John Alexander Stevens as Shallow - photo by Photoyunist, used with permission
Fucking Art: The Noisy Liberation of John Alexander Stevens.
If you ever frequented noise or metal gigs in Melbourne before the Plague hit, odds are that you saw John Alexander Stevens, either playing in one of his many bands, or rocking a denim miniskirt (and a pint) in the audience. A central figure in both the music-making realm and the music-appreciation realm, he is one of the pillars of the modern local metal/noise community, and it was a genuine thrill to be able to peel back his scalp, crack open his skull, and probe the pulsating brain beneath.
We began the discussion by attempting to catalogue his vast contribution to the underground Melbourne music scene…
MB: First of all, you’ve got nearly as many projects as I do - Religious Observance, Body Horror, Colostomy Baguette?, Expurgatory, Colostomy Boner, Hadal, Nunsploitation, Shallow, Shrilling, The Church of Hysteria, The Ripening, The Newport Dolls… did I miss any?
JAS: Nope, that’s most of them… for now (with the exception of the small handful of songs that I’ve done just under my name, which isn’t really a project as such… well, maybe we’re all projects, right? Yeah). Shrilling is the only one that’s properly on hiatus right now (in the sense that it’s unlikely to start up again soon, due to life getting in the way for a bunch of us in that project (with ‘life’ also meaning other competing creative endeavours)).
MB: Are these different permutations merely a matter of different line-ups? Or are your different projects separated by concept/style/genre?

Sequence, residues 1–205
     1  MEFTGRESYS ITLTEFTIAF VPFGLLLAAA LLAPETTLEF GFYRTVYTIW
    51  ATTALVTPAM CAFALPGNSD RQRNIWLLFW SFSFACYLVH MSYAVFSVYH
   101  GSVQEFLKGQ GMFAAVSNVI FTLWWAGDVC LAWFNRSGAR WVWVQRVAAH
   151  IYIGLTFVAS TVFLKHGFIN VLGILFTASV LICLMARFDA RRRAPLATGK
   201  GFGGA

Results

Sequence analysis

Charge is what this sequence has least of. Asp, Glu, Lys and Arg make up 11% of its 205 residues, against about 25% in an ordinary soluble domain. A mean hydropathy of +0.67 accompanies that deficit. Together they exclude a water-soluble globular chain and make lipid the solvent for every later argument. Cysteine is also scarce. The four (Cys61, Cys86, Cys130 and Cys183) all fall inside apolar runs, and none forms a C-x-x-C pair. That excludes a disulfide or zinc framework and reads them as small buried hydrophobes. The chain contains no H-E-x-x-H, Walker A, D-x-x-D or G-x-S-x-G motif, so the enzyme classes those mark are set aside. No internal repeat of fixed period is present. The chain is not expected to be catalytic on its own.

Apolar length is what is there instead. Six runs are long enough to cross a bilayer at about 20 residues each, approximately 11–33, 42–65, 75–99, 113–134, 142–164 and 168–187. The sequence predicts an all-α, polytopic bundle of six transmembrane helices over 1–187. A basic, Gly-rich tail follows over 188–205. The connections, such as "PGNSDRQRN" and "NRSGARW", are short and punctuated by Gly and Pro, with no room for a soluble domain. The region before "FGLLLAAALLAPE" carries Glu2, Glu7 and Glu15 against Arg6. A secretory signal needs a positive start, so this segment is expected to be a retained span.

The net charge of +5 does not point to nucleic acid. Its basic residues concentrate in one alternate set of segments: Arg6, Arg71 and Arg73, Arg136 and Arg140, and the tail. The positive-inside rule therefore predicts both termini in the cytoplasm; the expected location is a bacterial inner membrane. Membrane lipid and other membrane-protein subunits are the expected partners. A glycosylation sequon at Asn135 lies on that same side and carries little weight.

JAS: Most of them are pretty distinct from one another, though there’s a bit of blurring. For example, Colostomy Baguette? was one of two bands (the other being She Beast, which I’m not involved in) that formed to make Religious Observance, and the approach with my solo work in Shallow informs a lot of my approaches in The Ripening and Body Horror. I’m fortunate that there’s only a few bands (Religious Observance, Expurgatory, and The Church of Hysteria) that require rehearsal in order to perform. There is also a strong point of distinction on a point of genre, and further acts tend to come out of a desire to do something different stylistically as well as with different people.
MB: I’m interested in the meaning behind the solo project name “Shallow”. To my mind, someone who is “shallow” is someone who is superficial, fake, kinda empty, vacuous, uninterested in conscious analysis of any sort – which is the very opposite of how you seem to me. What does the word mean in the context of your solo work?
JAS: This name has a very straight-forward origin. I picked it around the time I was initially getting in to the Swedish black metal / depressive rock band Lifelover, and Shallow is the title of the opening track to their third album, Konkurs. Even though the sounds I set to make in that project were very far from black metal, I wanted to retain a reference to where I was focusing, intensity-wise. Also, I particularly liked how shame is dealt with in that band, which is quite counter to what you’d normally find in black metal. It’s normally full of ego and bullshit social Darwinism. This theme of shame definitely found its way into Shallow through virtue of huge buckets of self-deprecation, which was added to by virtue of the difficulty I found in making in-roads into the noise/experimental scene in Melbourne at first.